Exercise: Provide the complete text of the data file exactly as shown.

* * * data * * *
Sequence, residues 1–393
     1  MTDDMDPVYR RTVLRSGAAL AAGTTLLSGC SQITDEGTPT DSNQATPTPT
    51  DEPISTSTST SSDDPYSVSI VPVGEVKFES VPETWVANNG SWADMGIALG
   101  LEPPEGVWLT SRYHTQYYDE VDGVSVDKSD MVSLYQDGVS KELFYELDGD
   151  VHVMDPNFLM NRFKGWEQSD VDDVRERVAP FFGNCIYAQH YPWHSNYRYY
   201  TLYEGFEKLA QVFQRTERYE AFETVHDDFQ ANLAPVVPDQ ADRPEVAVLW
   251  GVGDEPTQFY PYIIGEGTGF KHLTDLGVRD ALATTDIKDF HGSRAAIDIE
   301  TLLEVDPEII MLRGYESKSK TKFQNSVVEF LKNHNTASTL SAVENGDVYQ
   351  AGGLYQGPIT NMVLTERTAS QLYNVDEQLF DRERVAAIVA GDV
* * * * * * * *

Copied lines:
Sequence, residues 1–393
     1  MTDDMDPVYR RTVLRSGAAL AAGTTLLSGC SQITDEGTPT DSNQATPTPT
    51  DEPISTSTST SSDDPYSVSI VPVGEVKFES VPETWVANNG SWADMGIALG
   101  LEPPEGVWLT SRYHTQYYDE VDGVSVDKSD MVSLYQDGVS KELFYELDGD
   151  VHVMDPNFLM NRFKGWEQSD VDDVRERVAP FFGNCIYAQH YPWHSNYRYY
   201  TLYEGFEKLA QVFQRTERYE AFETVHDDFQ ANLAPVVPDQ ADRPEVAVLW
   251  GVGDEPTQFY PYIIGEGTGF KHLTDLGVRD ALATTDIKDF HGSRAAIDIE
   301  TLLEVDPEII MLRGYESKSK TKFQNSVVEF LKNHNTASTL SAVENGDVYQ
   351  AGGLYQGPIT NMVLTERTAS QLYNVDEQLF DRERVAAIVA GDV